Turkey Hunting: Road Trippin'

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Every year around April 8th, I go into a mid-season crisis.  Because our spring turkey season begins on March 15 and closes on the last day of April here in Alabama, April 8th is the halfway point in our season, and usually marks the point I start to realize that unless I travel elsewhere in May, my "happy time" is coming to an end all too soon.
 
I typically deny this fact for several days, trying to take my pent-up frustration out on the few turkeys that have survived the season thus far, which creates a narrow window for planning.  I will freely admit that forward thinking is not necessarily my strong suit.  But with my mind largely occupied with visions of Alabama Easterns from New Year's until March 15th, and followed by the hunt itself for what seems like an eternity, there is simply no time for itineraries and plenty of excuses for procrastination.
 
May arrives as does a funeral procession.  The skies darken and the grass dies.  I lock myself into a room and avoid calls from friends who are tagging birds in western states.  When I emerge from my pity party and talk to my all-is-great-with-the-world buddies, I have no one to blame for my plight but myself.  After all, the invites were there in droves from their end but the due diligence and requests for days off were not from mine.
 
Road-worn Rose
 
Given that I have regrettably not been much of a traveling turkey hunter to this juncture in my life, I will defer that knowledge, like May hunting stories, to those who do venture out of their home states each year with success.  Randy Rose, an assistant public defender in Tuscaloosa, Alabama, may be young in age at only 29 but is well-seasoned when it comes to throwing darts at a map and bringing turkeys home each year.  Rose, a former World Junior and Grand National Intermediate turkey calling champion and holder of numerous other turkey, duck, and goose calling titles, has taken turkeys in 17 states, ranging from his original home state of Georgia to Minnesota to South Dakota.  If there are turkeys to be hunted, Rose wants to extend his season by chasing them.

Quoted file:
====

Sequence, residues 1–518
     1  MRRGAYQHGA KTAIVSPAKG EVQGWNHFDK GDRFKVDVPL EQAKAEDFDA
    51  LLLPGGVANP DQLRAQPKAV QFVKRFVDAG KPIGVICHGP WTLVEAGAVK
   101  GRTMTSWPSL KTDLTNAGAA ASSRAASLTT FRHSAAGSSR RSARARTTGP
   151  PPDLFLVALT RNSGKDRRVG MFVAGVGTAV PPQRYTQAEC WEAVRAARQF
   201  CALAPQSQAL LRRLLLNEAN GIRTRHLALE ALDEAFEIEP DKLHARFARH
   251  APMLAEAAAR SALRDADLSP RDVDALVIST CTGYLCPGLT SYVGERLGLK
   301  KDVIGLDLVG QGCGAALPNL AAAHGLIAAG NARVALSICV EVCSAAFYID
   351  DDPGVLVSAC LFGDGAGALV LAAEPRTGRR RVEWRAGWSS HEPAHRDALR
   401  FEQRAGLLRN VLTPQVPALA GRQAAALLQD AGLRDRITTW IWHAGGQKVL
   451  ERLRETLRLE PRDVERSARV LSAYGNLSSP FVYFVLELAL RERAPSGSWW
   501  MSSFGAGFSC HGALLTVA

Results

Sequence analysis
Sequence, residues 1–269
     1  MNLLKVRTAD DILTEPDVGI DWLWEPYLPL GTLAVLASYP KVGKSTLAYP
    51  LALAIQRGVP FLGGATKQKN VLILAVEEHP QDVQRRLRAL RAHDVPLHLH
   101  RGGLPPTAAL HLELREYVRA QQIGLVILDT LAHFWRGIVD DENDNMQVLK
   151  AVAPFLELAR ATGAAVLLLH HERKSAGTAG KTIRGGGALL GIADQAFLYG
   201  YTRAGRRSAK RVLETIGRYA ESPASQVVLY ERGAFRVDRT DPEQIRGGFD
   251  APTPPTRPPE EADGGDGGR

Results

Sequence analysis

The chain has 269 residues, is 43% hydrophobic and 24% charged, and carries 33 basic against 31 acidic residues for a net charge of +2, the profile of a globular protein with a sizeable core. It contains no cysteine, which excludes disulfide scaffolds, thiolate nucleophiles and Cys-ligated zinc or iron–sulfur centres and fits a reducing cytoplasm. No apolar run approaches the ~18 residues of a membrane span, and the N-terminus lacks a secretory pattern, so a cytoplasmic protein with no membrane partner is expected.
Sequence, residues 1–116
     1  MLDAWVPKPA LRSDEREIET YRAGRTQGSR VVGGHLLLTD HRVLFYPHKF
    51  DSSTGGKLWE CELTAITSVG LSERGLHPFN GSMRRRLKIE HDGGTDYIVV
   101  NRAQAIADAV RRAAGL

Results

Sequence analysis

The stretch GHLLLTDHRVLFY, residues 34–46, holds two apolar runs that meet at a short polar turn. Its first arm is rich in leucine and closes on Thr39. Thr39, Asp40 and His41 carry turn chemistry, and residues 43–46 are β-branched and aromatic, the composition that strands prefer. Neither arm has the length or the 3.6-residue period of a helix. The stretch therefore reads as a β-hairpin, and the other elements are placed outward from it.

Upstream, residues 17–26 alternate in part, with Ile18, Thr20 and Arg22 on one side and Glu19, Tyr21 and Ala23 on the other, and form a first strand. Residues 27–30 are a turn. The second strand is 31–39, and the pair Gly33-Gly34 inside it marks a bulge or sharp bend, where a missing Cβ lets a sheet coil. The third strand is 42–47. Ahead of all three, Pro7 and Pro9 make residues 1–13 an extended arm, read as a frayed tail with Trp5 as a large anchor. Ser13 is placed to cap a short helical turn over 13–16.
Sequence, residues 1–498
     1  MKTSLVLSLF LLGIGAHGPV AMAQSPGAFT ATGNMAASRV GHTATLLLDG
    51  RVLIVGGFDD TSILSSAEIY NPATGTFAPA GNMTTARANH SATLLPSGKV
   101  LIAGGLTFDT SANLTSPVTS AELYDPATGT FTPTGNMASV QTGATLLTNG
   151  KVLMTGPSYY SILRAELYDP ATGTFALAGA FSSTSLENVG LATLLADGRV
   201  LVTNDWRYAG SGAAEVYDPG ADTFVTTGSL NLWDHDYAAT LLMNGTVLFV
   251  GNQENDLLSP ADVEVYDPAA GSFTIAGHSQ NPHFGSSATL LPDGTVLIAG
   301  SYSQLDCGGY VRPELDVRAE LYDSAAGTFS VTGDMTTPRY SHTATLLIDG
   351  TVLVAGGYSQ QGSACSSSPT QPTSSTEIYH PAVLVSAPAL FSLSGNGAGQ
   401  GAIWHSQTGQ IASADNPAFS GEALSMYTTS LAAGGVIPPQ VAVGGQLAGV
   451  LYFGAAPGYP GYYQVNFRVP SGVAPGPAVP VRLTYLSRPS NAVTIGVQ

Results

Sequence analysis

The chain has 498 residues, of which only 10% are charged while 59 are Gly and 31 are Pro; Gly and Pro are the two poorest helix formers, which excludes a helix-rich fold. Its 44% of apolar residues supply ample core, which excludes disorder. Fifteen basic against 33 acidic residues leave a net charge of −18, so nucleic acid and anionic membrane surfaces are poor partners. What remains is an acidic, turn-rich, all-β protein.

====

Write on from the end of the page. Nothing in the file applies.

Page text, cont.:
"I got into travel hunting after making a bucket list goal to harvest a gobbler in each state they are present," explains Rose. “The decision on which states I decide to hit up draws largely from that.”
 
Rose has developed a very extensive system on planning out his hunts from start to finish.  “After I decide on a state or group of states to hunt, which I do so based on distance or distance between each state, I start honing in on areas within those states.  I rely on the internet, turkey hunting forums, Game and Fish Department websites, or word of mouth to select the specific areas of the states I am looking to hunt in that hold the strongest numbers of turkeys,” says Rose.  “I hunt primarily public land, but do not get hung up on federal or state ground or the size of those tracts.  If there are turkeys there, I am interested.  I have killed turkeys in the middle of a 100,000 acre national forest and in a hundred acre CRP Walk-In Area.”
 
Having several options to choose from is a must, explains Rose.  “I never leave home without several options.  I usually have three or four options within a certain area I am targeting and have researched each of them, printed off and laminated aerial maps, and have had extensive talks with the game biologist for each area.  You must have quality maps to succeed when traveling; study the areas extensively and bounce ideas off the biologist.  Almost all of the biologists I have dealt with have been invaluable resources.  They really do want you to have a successful hunt.”
 
“The key with travel hunting,” warns Rose “is doing your homework.  If you research on the front end you will be in a much better position to succeed than if you go blind.  I cannot overstate the importance of maps.  They have been the difference maker in my experiences.”
 
As far as his favorite state he’s hunted, the Cornhusker state gets the nod according to Rose. “The Midwest is tough to beat, with beautiful country and plenty of turkeys, but overall Nebraska was my most memorable hunt.  I heard and saw more gobblers there than anywhere else.  Better yet, the people were friendly and the tags were over the counter.”
 
“The neatest thing about hunting different states is that the turkeys have different tendencies from state to state, and it really forces you to adapt quickly.  Plus, the challenge of hunting terrain you are unaccustomed to while seeing different parts of the country is a lot of fun,” says Rose.  “You just have to experience it once, and then you are hooked.”
Author:
Wild Turkey Report Staff
Wild Turkey Report is the internet's new destination for information on the sport of turkey hunting. Follow them on Facebook at www.facebook.com/wildturkeyreport and on Twitter @wildturkeyreprt!
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January 22, 2012, 10:00 PM